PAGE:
An ability to use the Greek of the New Testament is a great help in studying the Bible. Most pastors are required to study the Koine' Greek common during the First Century when the New Testament was first set down on vellum and papyrus. Many lay people have a desire to learn Greek so they can study the Bible more deeply.
Below is the Greek text of John 15:1-7
I did not mention the Old Testament because it was first written in Hebrew, and learning it is another subject.
Step 1: Learn Greek or use some Greek language tools?
What do you really want to do and how much time do you want to invest? You may be able to satisfy your needs by learning to use some available tools that do not require actually learning Greek.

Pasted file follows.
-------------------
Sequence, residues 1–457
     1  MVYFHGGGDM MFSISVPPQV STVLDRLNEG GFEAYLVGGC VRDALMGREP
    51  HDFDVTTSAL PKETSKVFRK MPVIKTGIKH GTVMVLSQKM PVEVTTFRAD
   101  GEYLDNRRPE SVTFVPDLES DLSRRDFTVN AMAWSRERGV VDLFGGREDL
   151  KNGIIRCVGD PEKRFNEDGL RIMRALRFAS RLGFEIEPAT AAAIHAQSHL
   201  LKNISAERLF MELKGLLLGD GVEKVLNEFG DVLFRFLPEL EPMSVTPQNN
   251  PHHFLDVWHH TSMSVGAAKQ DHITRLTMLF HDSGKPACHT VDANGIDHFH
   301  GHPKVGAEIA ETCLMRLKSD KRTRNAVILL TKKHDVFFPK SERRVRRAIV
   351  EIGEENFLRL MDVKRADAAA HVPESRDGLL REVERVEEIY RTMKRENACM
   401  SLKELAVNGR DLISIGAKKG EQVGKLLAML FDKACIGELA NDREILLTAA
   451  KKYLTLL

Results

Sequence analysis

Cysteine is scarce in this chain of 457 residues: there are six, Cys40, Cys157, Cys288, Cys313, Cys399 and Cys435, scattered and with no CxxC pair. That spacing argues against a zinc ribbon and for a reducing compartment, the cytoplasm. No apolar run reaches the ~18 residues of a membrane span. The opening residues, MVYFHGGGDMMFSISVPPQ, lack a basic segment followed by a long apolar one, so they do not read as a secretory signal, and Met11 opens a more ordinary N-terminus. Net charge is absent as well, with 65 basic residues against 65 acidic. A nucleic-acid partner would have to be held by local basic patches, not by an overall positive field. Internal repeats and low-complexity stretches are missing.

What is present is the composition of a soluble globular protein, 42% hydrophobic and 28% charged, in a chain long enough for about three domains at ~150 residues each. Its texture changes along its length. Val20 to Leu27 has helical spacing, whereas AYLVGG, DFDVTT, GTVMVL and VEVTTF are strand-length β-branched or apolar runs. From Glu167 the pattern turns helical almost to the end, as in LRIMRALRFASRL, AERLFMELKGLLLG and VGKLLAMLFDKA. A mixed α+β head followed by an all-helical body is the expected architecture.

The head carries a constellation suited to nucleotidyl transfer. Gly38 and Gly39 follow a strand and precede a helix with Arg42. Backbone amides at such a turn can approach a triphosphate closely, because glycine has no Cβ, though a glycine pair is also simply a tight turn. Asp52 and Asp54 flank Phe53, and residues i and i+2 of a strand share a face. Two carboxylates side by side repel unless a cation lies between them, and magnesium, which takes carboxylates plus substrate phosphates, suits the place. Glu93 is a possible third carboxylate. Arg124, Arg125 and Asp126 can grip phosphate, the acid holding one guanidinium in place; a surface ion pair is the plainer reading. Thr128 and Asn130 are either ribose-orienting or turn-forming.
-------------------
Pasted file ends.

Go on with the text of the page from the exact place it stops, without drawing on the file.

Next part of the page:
Below is a screen shot from a Wikipedia article on James Strong and Strong's Concordance. Strong assigned a number to each Greek and Hebrew word used in the Bible. He listed passages from the Bible grouped according to the English word used in the King James Translation, but he also attached the number key for the word in the original text of each passage listed. Users do not need to know how to read the Greek or Hebrew alphabets, nor how to pronounce the original words. They need only find all entries with the same number and compare those. Since the advent of computers, there are many programs that help you do this electronically. What took hours with a bound paper concordance now takes minutes with a computer program.